The United States led the list of promises at the end of Thursday’s conference, providing just over $ 512 million in aid, for 2022. Other donors included co-hosts Britain with over $ 374 million, Germany with just under $ 220 million and Qatar, which pledged $ 25 million.

There were a total of 41 announcements of aid, including 15 pledges specifically for Afghanistan’s humanitarian fund. Some nations, including Spain and Iceland, also pledged to finance Afghanistan, for 2023 and beyond.

In an interview with UN News’ Russian service, the UN Humanitarian Coordinator, Ramiz Alakbarov, said the team in Afghanistan was “very pleased with the results” of the pledge conference. He said they appreciated the strong solidarity of the donor community with the people of Afghanistan.

He added that the conference also strongly echoed the “united global sentiment that girls in Afghanistan must have unlimited access to education.”

Make a difference

As fundraisers have so far secured only 13 percent of the requirements of the 2022 humanitarian response plan, promises of support – which will continue for the rest of the year – are needed to increase deliveries.

In the first eight weeks of 2022, humanitarian partners reached 12.7 million people with life-saving assistance, priority women, girls and minority groups.

Deliveries have included nutritious food to hundreds of thousands of malnourished children and pregnant and breastfeeding women; healthy meals for school children; seeds and tools for farmers; and trauma treatment and reproductive care.

Participants are encouraged to generously promise to send a strong signal of solidarity that the world stands with the Afghan people.

Negotiate on “fault lines”

Prior to the conference, Head of the UN Development Program (UNDP), Achim Steiner, made a two-day trip to the country, where he emphasized the importance of girls’ and women’s rights in Afghanistan.

The recent decisions to prevent high school girls from grade 6 onwards are of great concern, he said, confirming that the UNDP is committed to working with UN agencies to defend and promote their access to education and employment.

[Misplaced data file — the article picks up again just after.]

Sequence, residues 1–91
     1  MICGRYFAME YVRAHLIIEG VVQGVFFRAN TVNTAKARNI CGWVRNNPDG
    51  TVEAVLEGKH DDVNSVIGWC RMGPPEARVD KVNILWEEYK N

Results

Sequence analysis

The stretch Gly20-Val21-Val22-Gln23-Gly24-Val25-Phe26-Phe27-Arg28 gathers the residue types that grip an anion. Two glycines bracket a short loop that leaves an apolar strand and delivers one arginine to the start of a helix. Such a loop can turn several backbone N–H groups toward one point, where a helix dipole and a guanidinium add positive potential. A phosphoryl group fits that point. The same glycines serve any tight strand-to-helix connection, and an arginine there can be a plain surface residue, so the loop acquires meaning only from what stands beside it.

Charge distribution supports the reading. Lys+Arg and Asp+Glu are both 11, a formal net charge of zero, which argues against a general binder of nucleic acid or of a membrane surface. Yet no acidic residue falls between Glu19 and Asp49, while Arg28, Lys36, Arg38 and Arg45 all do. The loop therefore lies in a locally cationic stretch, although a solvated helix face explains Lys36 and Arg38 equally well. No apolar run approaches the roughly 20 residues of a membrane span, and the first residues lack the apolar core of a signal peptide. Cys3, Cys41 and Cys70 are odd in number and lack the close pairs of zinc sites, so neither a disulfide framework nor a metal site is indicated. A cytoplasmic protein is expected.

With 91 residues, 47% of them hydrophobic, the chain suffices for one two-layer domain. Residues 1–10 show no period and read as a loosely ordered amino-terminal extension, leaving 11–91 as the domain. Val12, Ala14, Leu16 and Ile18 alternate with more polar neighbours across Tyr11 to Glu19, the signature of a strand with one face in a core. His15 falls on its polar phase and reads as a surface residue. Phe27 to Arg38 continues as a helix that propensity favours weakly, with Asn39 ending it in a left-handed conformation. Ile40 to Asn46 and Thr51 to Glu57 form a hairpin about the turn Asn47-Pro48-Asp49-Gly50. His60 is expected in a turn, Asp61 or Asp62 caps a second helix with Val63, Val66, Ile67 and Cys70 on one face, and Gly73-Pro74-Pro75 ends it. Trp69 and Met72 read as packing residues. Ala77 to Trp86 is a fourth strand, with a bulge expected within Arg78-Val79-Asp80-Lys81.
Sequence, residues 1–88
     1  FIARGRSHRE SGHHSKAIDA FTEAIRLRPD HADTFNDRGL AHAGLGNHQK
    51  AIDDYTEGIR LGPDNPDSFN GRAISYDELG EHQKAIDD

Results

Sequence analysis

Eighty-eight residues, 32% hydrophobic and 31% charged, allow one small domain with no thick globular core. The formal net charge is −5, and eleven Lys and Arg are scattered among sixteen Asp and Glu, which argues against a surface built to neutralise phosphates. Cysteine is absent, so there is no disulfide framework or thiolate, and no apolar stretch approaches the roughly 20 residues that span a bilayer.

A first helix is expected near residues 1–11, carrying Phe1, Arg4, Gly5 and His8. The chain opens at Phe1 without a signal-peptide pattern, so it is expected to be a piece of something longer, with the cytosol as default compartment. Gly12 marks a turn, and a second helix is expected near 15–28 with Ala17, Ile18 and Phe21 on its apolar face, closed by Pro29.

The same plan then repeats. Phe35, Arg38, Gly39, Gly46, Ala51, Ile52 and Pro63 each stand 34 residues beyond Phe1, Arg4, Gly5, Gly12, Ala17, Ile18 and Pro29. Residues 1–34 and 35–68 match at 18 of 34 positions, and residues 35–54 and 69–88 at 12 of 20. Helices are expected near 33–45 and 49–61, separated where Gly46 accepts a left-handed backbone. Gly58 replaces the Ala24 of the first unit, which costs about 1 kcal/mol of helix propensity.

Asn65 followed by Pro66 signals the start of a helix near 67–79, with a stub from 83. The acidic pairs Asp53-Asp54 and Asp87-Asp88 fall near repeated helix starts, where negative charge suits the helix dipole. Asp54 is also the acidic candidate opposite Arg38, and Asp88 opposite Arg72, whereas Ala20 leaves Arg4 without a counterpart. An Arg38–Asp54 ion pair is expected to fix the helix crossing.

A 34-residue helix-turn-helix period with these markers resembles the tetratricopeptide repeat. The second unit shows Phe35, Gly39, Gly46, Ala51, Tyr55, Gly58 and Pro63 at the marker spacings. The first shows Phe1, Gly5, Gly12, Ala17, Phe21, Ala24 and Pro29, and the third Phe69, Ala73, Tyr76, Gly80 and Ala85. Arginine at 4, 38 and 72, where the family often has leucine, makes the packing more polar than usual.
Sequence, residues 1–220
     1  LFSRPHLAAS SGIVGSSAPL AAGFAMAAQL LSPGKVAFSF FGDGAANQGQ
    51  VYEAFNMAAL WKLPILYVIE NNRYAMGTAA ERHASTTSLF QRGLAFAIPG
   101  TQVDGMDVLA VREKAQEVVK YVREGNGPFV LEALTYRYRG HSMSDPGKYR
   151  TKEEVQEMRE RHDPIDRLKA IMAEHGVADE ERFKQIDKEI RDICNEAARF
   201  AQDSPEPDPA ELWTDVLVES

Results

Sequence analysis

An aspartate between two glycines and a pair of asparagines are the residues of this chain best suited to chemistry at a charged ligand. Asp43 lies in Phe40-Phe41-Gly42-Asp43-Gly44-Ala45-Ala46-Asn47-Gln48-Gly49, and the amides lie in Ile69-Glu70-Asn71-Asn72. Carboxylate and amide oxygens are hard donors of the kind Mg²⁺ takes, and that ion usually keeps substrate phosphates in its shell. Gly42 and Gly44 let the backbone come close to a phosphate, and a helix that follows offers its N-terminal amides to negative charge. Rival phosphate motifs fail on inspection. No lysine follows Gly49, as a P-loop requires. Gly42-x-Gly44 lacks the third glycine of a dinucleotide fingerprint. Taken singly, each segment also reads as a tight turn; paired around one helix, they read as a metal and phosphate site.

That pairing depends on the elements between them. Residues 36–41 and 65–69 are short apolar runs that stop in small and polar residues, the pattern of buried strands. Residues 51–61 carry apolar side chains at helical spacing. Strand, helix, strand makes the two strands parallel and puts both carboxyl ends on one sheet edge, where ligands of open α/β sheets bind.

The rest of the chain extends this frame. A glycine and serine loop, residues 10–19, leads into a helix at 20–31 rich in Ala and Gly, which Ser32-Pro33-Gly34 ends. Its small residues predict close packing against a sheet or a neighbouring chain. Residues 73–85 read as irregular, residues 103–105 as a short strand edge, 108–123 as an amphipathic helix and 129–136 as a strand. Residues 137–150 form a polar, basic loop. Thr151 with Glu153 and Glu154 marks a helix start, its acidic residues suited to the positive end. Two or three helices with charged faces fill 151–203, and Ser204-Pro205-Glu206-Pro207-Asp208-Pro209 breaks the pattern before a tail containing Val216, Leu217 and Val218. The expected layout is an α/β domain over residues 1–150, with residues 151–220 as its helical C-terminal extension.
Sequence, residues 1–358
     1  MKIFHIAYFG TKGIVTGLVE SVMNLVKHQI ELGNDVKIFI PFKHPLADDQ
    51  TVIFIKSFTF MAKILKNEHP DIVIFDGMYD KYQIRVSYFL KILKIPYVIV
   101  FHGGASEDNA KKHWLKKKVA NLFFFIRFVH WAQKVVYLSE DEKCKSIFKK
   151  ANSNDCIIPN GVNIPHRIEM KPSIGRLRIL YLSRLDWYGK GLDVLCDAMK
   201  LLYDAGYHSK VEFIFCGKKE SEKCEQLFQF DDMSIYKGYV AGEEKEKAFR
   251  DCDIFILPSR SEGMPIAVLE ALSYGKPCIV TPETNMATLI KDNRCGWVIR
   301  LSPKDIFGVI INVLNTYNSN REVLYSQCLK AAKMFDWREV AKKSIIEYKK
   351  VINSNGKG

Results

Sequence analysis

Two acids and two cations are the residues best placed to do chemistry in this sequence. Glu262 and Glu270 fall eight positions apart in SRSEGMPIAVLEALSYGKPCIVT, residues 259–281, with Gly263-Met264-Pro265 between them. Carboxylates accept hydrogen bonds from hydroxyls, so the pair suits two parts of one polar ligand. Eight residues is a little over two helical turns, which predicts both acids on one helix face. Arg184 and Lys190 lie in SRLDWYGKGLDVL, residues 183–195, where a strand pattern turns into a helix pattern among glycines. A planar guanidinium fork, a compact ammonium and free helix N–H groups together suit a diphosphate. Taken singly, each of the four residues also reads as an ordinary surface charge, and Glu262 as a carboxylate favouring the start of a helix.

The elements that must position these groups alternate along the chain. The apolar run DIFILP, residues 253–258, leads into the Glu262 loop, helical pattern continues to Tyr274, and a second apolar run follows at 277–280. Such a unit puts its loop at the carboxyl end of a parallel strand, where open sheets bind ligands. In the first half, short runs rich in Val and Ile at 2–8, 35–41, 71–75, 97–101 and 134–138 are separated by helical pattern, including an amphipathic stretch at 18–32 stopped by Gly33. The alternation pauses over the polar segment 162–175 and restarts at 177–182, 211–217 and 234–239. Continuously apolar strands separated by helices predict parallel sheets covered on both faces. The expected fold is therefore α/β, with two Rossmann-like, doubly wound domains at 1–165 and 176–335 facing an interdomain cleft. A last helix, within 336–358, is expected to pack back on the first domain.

“UNDP’s partnerships are often multidimensional, and sometimes we face challenges that, like girls’ education in Afghanistan, can become fault lines,” he said. sa.

Both boys and girls must be allowed in the classrooms because Afghanistan’s future must be for all Afghans, not just a select few”.

Increased poverty

The UNDP chief also flagged the urgent need for measures to prevent enormous poverty and economic instability.

“We reported at the end of last year that an estimated 97 percent of Afghans could live in poverty by mid-2022, and unfortunately that figure is being reached faster than expected,” he said.

“And with commodity prices soaring globally, we know that people here can not afford to meet their basic human needs such as food, healthcare and education.”

Support female entrepreneurs

In Mazar-e-Sharif, Steiner met with women business owners and members of the Chamber of Commerce who spoke about their struggle to keep companies afloat.

“The women small business owners I spoke to are persistent in their determination to continue earning an income and providing for their families and communities at all odds,” said Mr Steiner, who pressured the international community to help prevent further economic hardship for them.

“This year alone, we aim to support more than 50,000 SMEs, many of which are led by women.”

Swim in debt

Following the Taliban’s takeover in August last year, Afghanistan is facing a potentially irreversible economic collapse, a frozen banking system and a lack of liquidity that could leave about 80 percent of the people in debt.

“We need to get the economy back on track, and that means supporting individuals, their families and their businesses,” the UNDP chief said, advocating generosity at the pledge conference.

While the world’s attention is focused on Ukraine and the ripple effects of that war, we must also stand in solidarity with the Afghan people.”.